"I really try to help people achieve their goals in the entertainment industry whether they want to be writers, entertainers or a part of the technical or production staffs, " she says.

Like a reporter with a nose for news, Ms. Jackson Harley can spot raw talent a mile away. But the mother of three sons doesnt qualify as a pushover. She learned from 25 years as a counselor whether people are prepared to buckle down and get to work or whether they just want to play.

"I can recognize after all these years if a person is committed and focused. And youve got to work very hard and have to know that success doesnt happen overnight. Thats the problem: Lots of kids want to be stars overnight, but thats not the case. It takes about three years to hone their skills and develop. Hard work and sacrifice are whats needed, " Ms. Jackson Harley says.

Every Monday from 7 to 9 p.m. and Saturday from 2 to 4 p.m., Ms. Jackson Harley holds auditions at Howard Universitys Blackburn Center in Northwest. Thats where she makes the hard decision on whether a person gets a chance to perform at her monthly showcase at the Blackburn Center. The next showcase is scheduled for March 19. She tries to include everybody in some capacity she never discourages anyone from his or her dreams.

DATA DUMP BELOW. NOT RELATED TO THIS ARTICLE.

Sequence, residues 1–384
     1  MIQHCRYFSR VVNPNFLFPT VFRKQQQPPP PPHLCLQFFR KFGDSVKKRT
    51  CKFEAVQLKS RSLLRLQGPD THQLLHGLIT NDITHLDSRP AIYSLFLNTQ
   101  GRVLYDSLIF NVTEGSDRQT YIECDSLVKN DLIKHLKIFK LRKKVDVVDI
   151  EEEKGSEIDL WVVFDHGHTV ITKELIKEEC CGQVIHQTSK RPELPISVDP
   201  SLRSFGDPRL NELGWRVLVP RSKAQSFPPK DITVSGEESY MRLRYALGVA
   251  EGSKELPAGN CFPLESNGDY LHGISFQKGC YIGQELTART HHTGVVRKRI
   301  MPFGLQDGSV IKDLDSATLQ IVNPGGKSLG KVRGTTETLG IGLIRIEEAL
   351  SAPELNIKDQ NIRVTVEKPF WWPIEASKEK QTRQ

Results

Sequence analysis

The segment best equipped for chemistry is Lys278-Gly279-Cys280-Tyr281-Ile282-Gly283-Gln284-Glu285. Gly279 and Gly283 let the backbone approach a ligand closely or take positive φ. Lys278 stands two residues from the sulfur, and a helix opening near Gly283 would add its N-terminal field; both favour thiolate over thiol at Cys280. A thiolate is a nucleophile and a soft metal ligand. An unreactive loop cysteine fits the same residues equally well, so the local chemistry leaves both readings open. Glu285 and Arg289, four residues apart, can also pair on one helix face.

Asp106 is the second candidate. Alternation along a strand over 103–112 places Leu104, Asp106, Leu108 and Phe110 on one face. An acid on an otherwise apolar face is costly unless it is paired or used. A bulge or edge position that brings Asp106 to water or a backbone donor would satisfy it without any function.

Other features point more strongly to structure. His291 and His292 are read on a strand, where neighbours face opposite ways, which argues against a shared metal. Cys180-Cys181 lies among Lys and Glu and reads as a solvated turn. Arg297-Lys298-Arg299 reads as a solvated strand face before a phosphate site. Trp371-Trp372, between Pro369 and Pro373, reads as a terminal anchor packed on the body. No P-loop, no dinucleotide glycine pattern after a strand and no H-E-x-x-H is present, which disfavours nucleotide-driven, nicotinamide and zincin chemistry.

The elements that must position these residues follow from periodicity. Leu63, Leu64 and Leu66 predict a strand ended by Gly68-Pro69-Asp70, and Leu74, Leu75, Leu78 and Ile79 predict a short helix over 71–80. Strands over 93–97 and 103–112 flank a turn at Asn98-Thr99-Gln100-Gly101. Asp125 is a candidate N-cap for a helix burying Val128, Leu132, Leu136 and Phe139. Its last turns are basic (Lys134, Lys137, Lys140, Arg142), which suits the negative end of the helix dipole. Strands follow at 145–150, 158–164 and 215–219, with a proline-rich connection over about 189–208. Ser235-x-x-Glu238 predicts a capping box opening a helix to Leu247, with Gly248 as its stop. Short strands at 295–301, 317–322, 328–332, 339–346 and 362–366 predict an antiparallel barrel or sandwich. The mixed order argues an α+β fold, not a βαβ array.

"I never turn down anybody. I try to do everything that I can to help them do the best they can, " she says.

Whether its voice, dance or music lessons, Ms. Jackson Harley goes the extra mile to help an aspiring artist perfect his or her skill. As a result, folks often call after taking her advice and ask to audition again, she says.

She has auditioned children as young as 3 and adults in their mid-70s. The Apollo has an allure, a mystique that never ceases to amaze her, she says.

"A 72-year-old man came in and said he just wanted to do the Apollo. It was his lifes dream. Its amazing how many people have tears in their eyes onstage at the Apollo. They never thought they would get there, " she says.

Thats why she tailors the showcases in such a way that aspiring artists have the chance to perform for audiences and get constructive feedback, too. She believes the more one performs, the better one becomes. The local showcases have an extra benefit they give performers a chance to get comfortable in front of audiences, she says.